Why the Blitzboks are just so damn good

Justin Geduld and Rosko Specman, two of the Blitzboks' underrated stars, celebrate the win in Wellington. Photo: Hagen Hopkins/Getty Images.

Justin Geduld and Rosko Specman, two of the Blitzboks' underrated stars, celebrate the win in Wellington. Photo: Hagen Hopkins/Getty Images.

Following their victory in Wellington at the weekend, SA’s sevens side looks unstoppable in this year’s world series. What’s their secret?

In these dark times for South African rugby, Neil Powell’s Blitzboks are truly a shining light.

To be honest, their excellence in this season’s World Sevens Series campaign has been in stark contrast to the South African Rugby Union (Saru) and Springboks’ troubles.

Also read: Seabelo Senatla breaks record as Blitzboks triumph in Wellington

The Blitzboks’ title-winning campaign in Wellington at the weekend was so comprehensive, people are wondering whether they actually can be stopped this season.

What are the main factors that have led them to perform so brilliantly?

They boast once-in-a-generation players

No-one doubts head coach Powell has instilled a sense of collective pride in this side.

The players really do play for each other and put the team first.

But it can’t be denied that the Blitzboks also possess players with unique talents.

Seabelo Senatla, who is now South Africa’s leading try-scorer in the sevens format, is the ultimate player – a ruthless finisher with a high work-rate.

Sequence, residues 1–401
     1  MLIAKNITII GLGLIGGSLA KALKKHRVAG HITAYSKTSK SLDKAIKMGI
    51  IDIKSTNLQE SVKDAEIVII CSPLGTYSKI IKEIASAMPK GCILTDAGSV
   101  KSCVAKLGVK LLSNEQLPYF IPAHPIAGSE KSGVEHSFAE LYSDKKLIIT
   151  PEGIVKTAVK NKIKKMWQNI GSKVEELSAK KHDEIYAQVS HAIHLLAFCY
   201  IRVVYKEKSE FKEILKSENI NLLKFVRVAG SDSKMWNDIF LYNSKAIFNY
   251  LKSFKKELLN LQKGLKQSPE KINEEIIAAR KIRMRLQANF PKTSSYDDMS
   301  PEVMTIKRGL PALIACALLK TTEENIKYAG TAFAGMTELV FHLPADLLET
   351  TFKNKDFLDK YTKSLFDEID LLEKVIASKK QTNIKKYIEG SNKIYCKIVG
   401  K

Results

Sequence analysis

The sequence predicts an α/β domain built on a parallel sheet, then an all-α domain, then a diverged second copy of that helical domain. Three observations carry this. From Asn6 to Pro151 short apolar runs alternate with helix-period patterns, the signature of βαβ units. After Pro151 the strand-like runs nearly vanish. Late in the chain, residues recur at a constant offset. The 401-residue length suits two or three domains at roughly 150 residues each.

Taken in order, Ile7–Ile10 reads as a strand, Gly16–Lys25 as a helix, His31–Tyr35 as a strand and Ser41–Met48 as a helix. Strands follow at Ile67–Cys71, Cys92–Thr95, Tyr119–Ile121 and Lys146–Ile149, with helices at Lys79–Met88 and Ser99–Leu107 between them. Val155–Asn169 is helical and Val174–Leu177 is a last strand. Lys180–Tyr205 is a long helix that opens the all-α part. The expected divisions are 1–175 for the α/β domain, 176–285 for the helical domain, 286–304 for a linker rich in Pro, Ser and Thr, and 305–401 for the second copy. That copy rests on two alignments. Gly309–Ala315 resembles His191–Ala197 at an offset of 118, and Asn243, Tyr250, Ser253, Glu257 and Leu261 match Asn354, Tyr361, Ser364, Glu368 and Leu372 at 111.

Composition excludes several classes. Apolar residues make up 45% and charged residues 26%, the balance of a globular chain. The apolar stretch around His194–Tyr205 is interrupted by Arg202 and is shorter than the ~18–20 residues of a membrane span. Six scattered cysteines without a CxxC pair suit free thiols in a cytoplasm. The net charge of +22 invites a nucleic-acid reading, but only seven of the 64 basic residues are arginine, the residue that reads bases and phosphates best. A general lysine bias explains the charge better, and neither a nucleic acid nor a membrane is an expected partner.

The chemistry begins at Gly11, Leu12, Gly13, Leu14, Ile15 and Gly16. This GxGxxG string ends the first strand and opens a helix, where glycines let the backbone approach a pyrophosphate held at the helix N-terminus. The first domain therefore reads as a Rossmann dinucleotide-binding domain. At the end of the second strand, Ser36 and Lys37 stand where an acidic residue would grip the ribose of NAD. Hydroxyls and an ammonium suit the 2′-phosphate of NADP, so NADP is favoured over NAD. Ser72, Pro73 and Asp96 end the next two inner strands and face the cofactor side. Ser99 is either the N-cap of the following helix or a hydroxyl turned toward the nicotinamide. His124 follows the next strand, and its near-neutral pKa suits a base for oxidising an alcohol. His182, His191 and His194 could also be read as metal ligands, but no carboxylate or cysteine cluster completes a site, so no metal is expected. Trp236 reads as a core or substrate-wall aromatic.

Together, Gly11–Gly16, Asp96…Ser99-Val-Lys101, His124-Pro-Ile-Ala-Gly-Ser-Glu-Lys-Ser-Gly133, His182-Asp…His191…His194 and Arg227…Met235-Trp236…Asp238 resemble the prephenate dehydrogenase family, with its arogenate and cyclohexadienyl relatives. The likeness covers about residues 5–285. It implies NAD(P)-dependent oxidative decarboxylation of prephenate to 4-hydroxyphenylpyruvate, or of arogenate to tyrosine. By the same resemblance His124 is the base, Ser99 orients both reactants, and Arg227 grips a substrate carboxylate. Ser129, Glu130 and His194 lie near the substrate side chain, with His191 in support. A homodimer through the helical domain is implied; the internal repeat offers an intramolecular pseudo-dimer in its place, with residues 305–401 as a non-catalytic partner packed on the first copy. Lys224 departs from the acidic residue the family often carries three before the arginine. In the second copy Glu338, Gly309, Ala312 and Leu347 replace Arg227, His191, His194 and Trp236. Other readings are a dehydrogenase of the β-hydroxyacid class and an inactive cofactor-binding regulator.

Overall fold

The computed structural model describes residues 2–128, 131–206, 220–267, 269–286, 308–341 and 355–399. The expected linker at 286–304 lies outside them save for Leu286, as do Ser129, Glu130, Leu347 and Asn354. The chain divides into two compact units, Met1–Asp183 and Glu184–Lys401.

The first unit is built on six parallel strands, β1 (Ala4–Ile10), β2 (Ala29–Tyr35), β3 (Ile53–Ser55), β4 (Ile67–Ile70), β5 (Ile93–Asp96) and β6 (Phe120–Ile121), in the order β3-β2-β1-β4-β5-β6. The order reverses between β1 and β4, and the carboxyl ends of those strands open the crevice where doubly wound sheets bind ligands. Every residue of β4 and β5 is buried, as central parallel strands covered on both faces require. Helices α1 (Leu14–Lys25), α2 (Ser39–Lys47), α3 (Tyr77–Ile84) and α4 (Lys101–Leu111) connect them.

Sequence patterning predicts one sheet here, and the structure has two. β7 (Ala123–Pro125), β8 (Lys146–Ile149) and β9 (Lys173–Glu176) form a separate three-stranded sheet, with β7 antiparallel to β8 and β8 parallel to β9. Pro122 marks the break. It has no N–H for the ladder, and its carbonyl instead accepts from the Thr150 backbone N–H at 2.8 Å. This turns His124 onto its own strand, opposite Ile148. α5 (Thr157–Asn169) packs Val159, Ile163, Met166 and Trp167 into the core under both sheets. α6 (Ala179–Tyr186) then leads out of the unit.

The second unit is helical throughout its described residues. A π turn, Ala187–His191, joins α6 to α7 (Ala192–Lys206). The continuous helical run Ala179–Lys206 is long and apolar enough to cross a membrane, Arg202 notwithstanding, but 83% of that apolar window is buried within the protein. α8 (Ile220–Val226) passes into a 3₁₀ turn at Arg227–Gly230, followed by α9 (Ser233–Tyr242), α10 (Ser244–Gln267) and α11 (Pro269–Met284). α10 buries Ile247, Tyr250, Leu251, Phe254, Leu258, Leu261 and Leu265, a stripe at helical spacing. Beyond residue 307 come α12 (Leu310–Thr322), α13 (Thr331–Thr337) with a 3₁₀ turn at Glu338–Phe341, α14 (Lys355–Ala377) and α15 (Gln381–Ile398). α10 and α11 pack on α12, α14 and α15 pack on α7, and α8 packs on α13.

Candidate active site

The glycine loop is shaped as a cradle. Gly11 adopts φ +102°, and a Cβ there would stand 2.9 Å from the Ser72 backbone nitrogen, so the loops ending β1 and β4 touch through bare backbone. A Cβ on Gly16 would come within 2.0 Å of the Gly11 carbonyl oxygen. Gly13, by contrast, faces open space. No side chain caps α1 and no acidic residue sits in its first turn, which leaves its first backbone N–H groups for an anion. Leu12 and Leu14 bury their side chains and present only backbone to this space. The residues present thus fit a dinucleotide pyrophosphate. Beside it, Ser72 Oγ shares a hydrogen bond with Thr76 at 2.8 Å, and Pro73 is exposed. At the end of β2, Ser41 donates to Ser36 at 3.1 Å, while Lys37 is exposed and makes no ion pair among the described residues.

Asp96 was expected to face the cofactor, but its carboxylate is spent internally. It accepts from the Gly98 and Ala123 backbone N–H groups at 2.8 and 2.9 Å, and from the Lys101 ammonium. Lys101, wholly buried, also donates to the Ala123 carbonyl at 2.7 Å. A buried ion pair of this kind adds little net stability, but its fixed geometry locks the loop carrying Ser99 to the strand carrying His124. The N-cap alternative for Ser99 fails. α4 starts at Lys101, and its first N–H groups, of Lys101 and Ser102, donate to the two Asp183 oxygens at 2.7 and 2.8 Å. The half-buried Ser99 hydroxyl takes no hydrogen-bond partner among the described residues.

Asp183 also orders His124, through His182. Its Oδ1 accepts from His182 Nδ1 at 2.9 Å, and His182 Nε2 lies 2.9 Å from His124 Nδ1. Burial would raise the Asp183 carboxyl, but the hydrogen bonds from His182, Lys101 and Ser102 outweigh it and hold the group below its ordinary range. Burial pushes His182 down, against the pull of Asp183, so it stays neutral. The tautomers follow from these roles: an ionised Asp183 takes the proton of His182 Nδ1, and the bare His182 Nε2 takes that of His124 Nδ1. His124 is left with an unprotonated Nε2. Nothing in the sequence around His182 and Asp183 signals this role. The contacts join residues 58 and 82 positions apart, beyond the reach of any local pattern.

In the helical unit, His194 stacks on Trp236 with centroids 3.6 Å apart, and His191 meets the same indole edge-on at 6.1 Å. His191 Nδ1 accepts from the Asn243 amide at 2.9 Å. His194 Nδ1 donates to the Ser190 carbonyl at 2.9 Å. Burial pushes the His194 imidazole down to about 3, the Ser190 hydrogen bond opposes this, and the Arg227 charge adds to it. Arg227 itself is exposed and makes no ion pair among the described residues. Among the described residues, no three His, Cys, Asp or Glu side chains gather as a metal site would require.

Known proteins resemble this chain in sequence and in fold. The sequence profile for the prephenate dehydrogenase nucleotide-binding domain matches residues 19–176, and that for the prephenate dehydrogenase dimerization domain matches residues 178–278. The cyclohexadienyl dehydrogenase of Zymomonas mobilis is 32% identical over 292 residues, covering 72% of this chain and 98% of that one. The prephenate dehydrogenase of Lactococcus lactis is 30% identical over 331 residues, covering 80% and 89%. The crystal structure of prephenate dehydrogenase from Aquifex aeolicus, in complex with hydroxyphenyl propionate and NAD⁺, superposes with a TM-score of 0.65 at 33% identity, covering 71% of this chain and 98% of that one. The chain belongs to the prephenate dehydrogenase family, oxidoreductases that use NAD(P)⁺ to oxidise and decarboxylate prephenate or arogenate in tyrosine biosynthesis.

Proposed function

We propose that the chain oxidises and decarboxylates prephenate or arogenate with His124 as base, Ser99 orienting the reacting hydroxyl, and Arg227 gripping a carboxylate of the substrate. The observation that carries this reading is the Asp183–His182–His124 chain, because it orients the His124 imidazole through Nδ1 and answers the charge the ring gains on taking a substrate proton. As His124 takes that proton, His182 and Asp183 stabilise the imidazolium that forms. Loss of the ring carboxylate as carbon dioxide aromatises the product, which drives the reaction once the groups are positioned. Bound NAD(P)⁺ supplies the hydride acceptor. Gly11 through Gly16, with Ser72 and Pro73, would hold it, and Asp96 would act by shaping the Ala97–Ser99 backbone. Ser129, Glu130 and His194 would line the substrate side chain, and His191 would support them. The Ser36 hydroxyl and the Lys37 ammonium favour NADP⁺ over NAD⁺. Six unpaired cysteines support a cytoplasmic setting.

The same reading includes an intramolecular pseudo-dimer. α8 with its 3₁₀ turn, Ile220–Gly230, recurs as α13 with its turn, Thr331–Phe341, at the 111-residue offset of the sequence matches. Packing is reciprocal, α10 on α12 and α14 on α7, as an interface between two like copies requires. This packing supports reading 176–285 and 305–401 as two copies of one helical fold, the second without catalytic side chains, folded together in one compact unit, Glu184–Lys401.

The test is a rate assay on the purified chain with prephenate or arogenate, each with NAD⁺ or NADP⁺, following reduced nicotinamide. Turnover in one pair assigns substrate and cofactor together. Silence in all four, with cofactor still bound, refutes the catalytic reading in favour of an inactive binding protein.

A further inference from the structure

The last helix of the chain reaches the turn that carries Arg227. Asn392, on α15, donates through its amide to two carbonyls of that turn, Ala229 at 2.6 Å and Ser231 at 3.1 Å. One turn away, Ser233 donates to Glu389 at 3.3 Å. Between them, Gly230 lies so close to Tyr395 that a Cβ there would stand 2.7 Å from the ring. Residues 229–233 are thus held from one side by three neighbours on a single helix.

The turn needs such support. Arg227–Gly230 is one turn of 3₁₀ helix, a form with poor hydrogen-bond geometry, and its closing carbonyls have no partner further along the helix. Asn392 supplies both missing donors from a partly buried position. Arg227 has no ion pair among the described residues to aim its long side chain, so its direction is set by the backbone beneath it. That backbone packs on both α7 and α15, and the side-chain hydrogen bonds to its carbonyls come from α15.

Cecil Afrika, Kyle Brown and Rosko Specman are specialists who live and breathe sevens rugby.

They’ve dedicated their careers to constantly improving as players suited to the format.

How they cope with Senatla and Kwagga Smith, who’ll now focus on 15-man rugby, remains to be seen though.

Coaching continuity

Local rugby is notoriously bad at keeping continuity.

Since re-admission in 1992, the Springboks have never promoted an assistant of a head coach to replace him once his term ends.

Despite making sense – especially when the system was successful – our administrators and coaches always want change, whether its good or not.

Thankfully, the Blitzboks are different.

Powell was the successful Paul Treu’s assistant before taking over from him.

He digested what he learnt, adapted it and put his own stamp on things.

It took a while to bear fruit but the results have justified his appointment.

Their game-plan is boringly unique

When people think about sevens, they imagine beautiful side-steps, searing pace from a player and plenty of tries.

But the format is far more technical than that.

The basic principle of running rugby is that you need the ball.

And to use that possession effectively, you need the ball to come quickly to you without any hitches.

The Blitzboks have pounced on that.

They don’t want to score tries.

Rather, the players focus on taking possession away from their opponents.

South Africa have completed the most tackles this season (394) by far – Werner Kok made 60 alone this weekend in Wellington – and are pests at the breakdown.

By disrupting their opponents, the Blitzboks create opportunities on the counter-attack from themselves.

Every player knows his role

The Blitzboks believe in having two “first teams” in every match.

It means one group of seven players start the match and then three replacements come on virtually immediately when the second half starts.

As Specman puts it: “It’s a system that works wonders. Every player’s responsibility is the same. You are expected to lift the intensity whenever you are on the field, whether you’re a starting member or a substitute.”

Clearly, no-one seems offended by this “division of labour”.

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